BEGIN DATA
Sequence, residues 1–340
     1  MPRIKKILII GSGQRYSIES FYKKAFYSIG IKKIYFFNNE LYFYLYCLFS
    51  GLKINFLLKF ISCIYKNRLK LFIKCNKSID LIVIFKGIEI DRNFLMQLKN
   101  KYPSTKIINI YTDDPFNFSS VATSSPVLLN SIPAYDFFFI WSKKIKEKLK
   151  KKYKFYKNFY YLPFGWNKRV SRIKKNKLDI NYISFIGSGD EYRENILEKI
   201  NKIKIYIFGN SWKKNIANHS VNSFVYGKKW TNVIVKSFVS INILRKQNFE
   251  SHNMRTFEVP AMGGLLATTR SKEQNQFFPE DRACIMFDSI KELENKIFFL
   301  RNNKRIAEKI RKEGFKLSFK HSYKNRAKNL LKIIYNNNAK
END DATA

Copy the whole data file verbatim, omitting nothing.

Sequence, residues 1–340
     1  MPRIKKILII GSGQRYSIES FYKKAFYSIG IKKIYFFNNE LYFYLYCLFS
    51  GLKINFLLKF ISCIYKNRLK LFIKCNKSID LIVIFKGIEI DRNFLMQLKN
   101  KYPSTKIINI YTDDPFNFSS VATSSPVLLN SIPAYDFFFI WSKKIKEKLK
   151  KKYKFYKNFY YLPFGWNKRV SRIKKNKLDI NYISFIGSGD EYRENILEKI
   201  NKIKIYIFGN SWKKNIANHS VNSFVYGKKW TNVIVKSFVS INILRKQNFE
   251  SHNMRTFEVP AMGGLLATTR SKEQNQFFPE DRACIMFDSI KELENKIFFL
   301  RNNKRIAEKI RKEGFKLSFK HSYKNRAKNL LKIIYNNNAK